Robert Champion Lawsuit Will Not End College Hazing
Students involved in the 2011 death of marching band drummer Robert Champion have received harsher charges of manslaughter than the original felony persecution. Champion took part in a hazing ritual at Florida A&M University that resulted in him being beaten to the point of death. Although this trial should serve as a wake up call for colleges and universities, hazing will not be eliminated in its entirety from college campuses.
Champion was brutally battered in November 2011 after a football game. On a school bus parked in a Florida hotel parking lot, several students took part in assaulting the drummer. Emergency responders found Champion suffering from severe bruises, was unresponsive and vomiting. Champion eventually died from internal bleeding.
The incident has since led to a brutal legal battle between Champion’s family and Florida A&M University. When faced with a lawsuit, the university fired back, claiming that Champion was responsible for his own death because he willingly participated in the hazing ritual. The university then extended their wallets and offered the family a $300,000 settlement, which they rejected.
One of the university’s attorneys, Richard Mitchell, argued that Champion knew exactly what was waiting for him the day of his death.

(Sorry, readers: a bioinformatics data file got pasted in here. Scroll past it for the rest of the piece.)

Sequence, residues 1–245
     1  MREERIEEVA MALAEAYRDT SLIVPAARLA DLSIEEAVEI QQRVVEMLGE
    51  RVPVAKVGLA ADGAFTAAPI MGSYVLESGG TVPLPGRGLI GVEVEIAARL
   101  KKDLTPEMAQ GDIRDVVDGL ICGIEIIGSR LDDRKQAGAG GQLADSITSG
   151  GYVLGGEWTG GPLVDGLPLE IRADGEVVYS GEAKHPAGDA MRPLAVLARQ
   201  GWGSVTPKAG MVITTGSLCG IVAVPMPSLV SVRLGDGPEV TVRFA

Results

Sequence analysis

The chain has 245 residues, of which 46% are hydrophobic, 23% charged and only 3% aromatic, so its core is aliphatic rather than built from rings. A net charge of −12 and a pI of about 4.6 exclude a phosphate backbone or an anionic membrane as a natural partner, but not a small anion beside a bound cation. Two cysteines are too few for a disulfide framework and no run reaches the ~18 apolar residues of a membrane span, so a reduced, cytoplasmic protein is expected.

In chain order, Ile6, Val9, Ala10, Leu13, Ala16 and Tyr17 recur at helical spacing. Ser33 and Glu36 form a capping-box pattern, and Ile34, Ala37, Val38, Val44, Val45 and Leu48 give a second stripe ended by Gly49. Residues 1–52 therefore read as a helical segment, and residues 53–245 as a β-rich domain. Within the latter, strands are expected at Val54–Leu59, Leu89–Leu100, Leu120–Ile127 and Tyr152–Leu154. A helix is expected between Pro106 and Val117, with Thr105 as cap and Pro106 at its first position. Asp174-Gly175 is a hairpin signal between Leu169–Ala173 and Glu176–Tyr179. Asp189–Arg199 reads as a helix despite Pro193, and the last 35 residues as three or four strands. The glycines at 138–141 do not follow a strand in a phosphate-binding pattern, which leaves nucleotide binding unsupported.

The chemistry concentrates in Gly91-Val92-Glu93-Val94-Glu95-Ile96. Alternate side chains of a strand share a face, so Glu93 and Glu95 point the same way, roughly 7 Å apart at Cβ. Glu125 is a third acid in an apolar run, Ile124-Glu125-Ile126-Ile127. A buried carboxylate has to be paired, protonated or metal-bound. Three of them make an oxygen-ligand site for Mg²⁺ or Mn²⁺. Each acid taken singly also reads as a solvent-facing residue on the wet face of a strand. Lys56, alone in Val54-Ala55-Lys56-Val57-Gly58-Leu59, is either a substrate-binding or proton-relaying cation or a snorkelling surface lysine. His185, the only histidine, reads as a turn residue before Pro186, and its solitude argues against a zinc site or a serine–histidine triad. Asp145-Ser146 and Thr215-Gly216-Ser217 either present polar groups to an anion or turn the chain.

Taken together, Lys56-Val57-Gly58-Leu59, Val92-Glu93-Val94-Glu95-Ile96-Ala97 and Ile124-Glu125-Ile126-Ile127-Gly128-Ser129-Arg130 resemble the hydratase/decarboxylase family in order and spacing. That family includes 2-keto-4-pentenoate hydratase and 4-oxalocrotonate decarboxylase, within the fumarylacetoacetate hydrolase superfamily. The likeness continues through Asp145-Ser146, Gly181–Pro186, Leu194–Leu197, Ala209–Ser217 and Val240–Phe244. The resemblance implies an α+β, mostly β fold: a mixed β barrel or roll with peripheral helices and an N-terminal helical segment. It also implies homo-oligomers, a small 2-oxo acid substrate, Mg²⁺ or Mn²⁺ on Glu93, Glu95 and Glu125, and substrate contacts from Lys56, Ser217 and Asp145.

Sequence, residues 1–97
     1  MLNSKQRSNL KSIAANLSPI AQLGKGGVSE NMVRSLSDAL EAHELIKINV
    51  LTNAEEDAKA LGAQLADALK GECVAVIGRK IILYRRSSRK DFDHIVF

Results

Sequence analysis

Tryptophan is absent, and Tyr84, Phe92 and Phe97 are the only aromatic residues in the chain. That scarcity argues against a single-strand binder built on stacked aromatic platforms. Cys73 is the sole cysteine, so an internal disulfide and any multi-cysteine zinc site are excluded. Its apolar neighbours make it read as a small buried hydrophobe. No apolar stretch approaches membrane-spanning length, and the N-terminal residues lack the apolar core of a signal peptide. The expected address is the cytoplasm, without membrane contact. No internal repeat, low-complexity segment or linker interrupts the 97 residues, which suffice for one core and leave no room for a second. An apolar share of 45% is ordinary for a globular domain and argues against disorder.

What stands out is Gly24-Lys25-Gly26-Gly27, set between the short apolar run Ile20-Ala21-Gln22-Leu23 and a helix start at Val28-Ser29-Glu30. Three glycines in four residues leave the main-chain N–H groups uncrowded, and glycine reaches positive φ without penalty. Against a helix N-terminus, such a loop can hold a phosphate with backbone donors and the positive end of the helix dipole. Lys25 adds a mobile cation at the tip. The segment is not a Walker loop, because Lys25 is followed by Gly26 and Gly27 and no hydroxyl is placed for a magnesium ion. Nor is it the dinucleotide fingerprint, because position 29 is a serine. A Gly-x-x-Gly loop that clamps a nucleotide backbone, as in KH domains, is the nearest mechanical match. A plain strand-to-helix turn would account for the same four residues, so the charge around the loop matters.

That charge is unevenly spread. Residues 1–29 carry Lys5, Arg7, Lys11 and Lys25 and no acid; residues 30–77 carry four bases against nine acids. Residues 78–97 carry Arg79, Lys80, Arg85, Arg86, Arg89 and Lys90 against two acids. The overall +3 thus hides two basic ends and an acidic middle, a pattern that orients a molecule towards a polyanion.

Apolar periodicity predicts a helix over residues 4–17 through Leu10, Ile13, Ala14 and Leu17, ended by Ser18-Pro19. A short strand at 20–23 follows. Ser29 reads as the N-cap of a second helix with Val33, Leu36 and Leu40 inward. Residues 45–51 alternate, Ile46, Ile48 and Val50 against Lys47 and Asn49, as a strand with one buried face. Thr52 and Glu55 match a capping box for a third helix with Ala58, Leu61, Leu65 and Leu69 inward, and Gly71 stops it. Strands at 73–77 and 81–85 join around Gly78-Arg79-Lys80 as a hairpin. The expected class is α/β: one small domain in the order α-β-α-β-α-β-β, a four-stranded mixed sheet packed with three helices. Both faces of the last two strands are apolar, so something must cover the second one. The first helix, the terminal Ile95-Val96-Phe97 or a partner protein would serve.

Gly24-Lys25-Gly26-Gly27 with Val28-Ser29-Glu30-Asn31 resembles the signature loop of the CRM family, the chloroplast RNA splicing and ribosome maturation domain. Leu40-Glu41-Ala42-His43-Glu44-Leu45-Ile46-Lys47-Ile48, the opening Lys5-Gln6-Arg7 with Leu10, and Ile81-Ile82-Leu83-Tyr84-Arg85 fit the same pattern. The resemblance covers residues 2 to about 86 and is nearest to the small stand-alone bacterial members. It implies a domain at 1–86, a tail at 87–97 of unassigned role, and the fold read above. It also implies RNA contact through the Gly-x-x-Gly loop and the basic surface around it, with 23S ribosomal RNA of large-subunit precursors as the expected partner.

"Robert Champion knew exactly what he was doing. If Mr. Champion had not gotten on that bus, he would not have been hazed," he said.
Florida courts have since prosecuted upwards of 13 students involved in the hazing incident, and the trial has been delayed. If convicted, some students may face upwards of 15-year prison sentences. Since the death of Champion, FAMU’s band director has resigned, and the marching band continues to be in a state of suspension.
The legal situation has since become the biggest hazing related case ever, and FAMU has taken progressive measures to implement a strict no-hazing policy for any of its organizations. Such a tragedy should spark anti-hazing sentiments for universities, but the sad reality is that hazing does happen, and will continue to happen. Oftentimes rituals happen in secret and remain under the radar until matters become a life or death situation. It is troubling that hazing of this severity receives attention, but practices that happen on college campuses practically daily go unnoticed. Universities across the nation can vow to implement no-hazing measures, but some form of hazing will unfortunately remain to some extent a component of the college experience.